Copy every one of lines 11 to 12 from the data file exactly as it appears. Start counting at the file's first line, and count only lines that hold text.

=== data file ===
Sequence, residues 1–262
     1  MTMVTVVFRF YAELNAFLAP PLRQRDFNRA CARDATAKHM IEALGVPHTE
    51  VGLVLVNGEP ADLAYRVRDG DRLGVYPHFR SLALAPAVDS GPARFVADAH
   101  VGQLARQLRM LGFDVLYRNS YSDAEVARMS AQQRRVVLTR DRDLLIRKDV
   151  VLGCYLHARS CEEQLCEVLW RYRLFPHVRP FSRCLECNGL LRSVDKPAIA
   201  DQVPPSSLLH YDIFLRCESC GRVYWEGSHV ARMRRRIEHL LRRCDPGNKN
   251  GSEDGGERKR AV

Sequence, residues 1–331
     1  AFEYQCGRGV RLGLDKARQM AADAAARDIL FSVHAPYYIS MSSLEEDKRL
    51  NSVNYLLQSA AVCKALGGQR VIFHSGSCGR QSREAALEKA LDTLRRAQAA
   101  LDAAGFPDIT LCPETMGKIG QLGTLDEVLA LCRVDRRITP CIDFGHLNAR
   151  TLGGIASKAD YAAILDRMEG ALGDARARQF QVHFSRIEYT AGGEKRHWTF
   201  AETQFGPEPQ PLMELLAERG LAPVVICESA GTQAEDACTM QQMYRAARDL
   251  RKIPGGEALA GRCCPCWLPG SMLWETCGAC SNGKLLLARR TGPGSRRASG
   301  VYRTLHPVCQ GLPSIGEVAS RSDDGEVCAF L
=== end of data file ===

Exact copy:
   101  LDAAGFPDIT LCPETMGKIG QLGTLDEVLA LCRVDRRITP CIDFGHLNAR
   151  TLGGIASKAD YAAILDRMEG ALGDARARQF QVHFSRIEYT AGGEKRHWTF